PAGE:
If You Use KOMA-Script, Really Do Use KOMA-Script

KOMA-Script is Omakase. If you trust the package, you’re in good hands to get consistent output from compiling LaTeX documents.

I’ve been using Markus Kohm’s KOMA-Script for most of my life with LaTeX in some way or another because the package’s document classes really nail typical German typesetting requirements, e.g. requirements of DIN letter formats (yes, there is a standard for layout and typesetting of letters!). And the scrbook document class ships with tasteful defaults for book typesetting.

Since I’m not a LaTeX expert, I’m still looking up quick fix solutions to particular problems. “How do I make the chapter titles larger?” or “How do I change the page heading on the left page of a spread?” – and StackOverflow delivers many tips.

But most of them aren’t actually compatible with KOMA-Script. Instead, Markus Kohm and contributors (Frank Neukam and Axel Kielhorn are explicitly mentioned in the manual) introduced almost infinite options to the package itself. These options make a lot of other packages obsolete.

Loading many different packages introduces inconsistencies and incompatibilities unless they were explicitly addressed by package authors. Instead of supporting all these 3rd party packages, KOMA-Script offers important options directly.

I noticed this when I cleaned up the document output and prepared for a final layout, looking at LaTeX log warnings. KOMA-Script would print the following when you combine its document classes with the titlesec and titleps, used to customize chapter title formats:

Class scrbook Warning: Usage of package `titlesec' together
(scrbook)     with a KOMA-Script class is not recommended.
(scrbook)     I'd suggest to use KOMA-Script features
(scrbook)     like \setkomafont, \RedeclareSectionCommand, \sectionlinesformat
(scrbook)     and several others to re-configure section
(scrbook)     headings.
(scrbook)     Nevertheless, using requested
(scrbook)     package `titlesec' on input line 302.


Class scrbook Warning: Usage of package `titleps' together
(scrbook)     with a KOMA-Script class is not recommended.
(scrbook)     I'd suggest to use package `scrlayer-scrpage'.
(scrbook)     Nevertheless, using requested
(scrbook)     package `titleps' on input line 1422.


That’s actually very useful information, and going through these messages taught me how to look up topics in the 567 page KOMA-Script manual. It’s huge and intimidating. It’s also well-written. I needed to read it for a while and check things here and there to get a feel for it.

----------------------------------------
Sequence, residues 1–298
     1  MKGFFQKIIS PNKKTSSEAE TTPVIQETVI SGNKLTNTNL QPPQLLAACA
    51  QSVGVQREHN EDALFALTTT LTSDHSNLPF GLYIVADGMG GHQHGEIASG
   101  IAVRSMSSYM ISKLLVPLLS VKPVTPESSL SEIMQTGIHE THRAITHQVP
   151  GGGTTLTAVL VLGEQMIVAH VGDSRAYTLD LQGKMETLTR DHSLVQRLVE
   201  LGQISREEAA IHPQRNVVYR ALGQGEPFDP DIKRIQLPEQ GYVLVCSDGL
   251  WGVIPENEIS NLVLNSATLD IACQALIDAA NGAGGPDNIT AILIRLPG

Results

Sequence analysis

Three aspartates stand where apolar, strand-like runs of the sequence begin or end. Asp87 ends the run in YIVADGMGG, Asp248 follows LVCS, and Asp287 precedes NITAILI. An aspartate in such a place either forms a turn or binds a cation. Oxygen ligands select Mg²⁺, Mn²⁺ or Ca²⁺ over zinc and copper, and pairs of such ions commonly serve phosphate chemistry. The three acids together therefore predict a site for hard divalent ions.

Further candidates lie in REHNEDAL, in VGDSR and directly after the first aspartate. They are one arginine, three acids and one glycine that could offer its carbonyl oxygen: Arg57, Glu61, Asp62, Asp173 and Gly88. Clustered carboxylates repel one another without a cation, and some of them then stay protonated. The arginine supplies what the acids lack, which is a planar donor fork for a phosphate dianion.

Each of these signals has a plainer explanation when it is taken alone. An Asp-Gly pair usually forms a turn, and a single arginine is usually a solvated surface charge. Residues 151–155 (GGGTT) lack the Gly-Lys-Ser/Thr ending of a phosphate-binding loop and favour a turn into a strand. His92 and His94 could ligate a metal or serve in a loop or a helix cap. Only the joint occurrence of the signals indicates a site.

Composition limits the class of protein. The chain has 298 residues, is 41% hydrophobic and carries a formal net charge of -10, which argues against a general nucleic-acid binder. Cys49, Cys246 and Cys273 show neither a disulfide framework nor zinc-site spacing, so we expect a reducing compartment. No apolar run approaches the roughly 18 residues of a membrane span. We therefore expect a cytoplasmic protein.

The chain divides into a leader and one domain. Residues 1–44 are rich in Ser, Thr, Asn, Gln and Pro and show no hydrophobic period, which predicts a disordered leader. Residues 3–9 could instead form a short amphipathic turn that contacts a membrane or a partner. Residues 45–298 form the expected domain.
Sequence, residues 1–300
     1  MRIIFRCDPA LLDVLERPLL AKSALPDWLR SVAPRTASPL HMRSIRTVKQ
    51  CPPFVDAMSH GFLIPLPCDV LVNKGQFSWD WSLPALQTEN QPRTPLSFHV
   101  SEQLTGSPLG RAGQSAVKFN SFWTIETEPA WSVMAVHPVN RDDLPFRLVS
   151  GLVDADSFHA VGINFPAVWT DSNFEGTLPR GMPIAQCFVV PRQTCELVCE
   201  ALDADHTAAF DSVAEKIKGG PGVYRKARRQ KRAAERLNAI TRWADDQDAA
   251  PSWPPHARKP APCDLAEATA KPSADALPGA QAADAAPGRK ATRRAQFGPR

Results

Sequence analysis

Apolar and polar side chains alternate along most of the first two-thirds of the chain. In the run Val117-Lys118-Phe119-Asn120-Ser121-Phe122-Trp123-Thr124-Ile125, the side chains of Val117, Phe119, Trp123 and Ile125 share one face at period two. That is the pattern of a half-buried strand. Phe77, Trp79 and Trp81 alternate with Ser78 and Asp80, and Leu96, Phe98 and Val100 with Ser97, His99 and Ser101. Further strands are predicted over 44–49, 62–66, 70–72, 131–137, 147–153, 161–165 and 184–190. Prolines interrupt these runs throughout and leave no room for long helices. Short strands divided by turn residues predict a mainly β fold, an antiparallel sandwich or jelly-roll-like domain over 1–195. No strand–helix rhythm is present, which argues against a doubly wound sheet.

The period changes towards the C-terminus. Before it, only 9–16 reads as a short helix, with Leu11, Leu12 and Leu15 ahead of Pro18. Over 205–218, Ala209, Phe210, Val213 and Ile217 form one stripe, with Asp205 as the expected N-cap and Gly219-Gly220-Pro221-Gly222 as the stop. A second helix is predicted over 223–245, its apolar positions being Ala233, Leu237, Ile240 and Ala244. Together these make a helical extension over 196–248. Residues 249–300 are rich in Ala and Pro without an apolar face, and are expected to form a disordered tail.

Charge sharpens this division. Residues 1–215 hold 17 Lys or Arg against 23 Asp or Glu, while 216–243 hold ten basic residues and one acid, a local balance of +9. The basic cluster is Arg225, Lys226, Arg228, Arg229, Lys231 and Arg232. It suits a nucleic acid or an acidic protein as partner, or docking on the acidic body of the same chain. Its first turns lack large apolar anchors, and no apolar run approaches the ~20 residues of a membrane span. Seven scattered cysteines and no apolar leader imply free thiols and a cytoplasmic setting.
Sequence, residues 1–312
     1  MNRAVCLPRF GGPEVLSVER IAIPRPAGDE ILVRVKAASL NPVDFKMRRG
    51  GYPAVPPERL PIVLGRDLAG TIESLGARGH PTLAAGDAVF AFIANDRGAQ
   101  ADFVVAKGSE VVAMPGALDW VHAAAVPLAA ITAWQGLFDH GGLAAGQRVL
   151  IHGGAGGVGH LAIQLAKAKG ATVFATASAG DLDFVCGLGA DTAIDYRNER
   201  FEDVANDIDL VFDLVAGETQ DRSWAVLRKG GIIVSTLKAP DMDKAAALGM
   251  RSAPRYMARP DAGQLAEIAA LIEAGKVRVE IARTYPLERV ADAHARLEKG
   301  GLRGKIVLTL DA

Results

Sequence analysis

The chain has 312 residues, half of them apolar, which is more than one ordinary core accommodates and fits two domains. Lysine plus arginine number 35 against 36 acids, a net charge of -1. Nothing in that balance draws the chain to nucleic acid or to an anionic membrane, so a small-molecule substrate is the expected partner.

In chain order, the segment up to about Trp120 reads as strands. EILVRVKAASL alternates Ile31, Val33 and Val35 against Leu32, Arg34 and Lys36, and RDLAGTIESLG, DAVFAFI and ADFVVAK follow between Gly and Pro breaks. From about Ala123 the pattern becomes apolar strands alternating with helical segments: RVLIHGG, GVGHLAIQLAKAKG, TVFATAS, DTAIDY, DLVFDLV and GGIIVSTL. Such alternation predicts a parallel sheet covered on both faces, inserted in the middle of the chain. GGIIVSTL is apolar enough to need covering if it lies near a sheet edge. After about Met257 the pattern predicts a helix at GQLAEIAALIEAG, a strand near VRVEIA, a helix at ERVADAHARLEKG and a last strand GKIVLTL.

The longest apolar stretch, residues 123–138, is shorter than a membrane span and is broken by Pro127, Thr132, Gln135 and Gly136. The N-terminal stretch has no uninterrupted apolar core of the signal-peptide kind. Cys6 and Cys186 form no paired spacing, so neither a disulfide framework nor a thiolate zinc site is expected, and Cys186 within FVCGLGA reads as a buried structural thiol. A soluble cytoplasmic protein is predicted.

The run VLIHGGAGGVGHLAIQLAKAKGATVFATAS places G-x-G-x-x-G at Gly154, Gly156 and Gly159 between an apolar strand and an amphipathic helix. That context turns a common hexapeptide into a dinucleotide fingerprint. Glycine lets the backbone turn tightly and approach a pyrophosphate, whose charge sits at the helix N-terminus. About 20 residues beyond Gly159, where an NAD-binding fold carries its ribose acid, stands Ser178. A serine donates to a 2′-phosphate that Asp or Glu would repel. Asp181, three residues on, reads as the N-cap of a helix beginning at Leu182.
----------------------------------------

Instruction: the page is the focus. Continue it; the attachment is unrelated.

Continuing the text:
I also noticed how annoying reading a 500+ page manual as a PDF is: you can’t open tabs to look at multiple pages at the same time. Web browsers and HTML manuals broke my expectations for reading large works. PDF is good for sequential reading and narration; hypertext with proper reading tools is much better for manuals.

I’m not used to reading manuals anymore, I noticed. But this one was good. It explains all technical pieces and addresses user needs. Reading parts of the KOMA-Script manual taught me in a cohesive way how to customize typesetting with the package’s options. There is no need to cobble together multiple packages or package alternatives, because the authors really thought of most things. And since the manual is a cohesive piece with cross-references, they do actually offer tips to combine settings and pick up common (and asinine) requests and how to implement them.

You can’t get that kind of learning experience from a narrowly focused package. Its documentation focuses on the one package itself, so the task of combining packages tastefully is left as an exercise for the reader. You find these tips on message boards, StackOverflow, and the occasional tutorial/guide.

That being said, the lstlisting package is a notable exception. It’s used to typeset code listings, and goes out of its way to mention how to combine its affordances with other packages for commonly desired output, like how to put graphical frames around code. As a reader on a mission to typeset code, that’s exactly what I want to learn. This is great.

Some package manuals focus on listing all their settings without explaining why you’d want to use any of them. So as a newbie, you’re screwed. Technical writing is hard.

Embrace KOMA-Script

Resolving issues like the warning above taught me this:

  • If you start with KOMA-Script document classes, stick to KOMA-Script package options.
  • Introduce as few packages as possible to avoid conflicts.

And when in doubt, do use a popular solution for non-KOMA-Script documents and then watch the LaTeX output warnings for feedback. Sometimes, KOMA-Script will teach you how to do the same thing without another dependency instead.

The KOMA-Script bundle offers a monolithic approach to typesetting documents, but it’s an approach that reduced surprises in the PDF output for me and made the setup simpler overall. The fewer independent pieces you introduce, the fewer failing combinations you’ll get.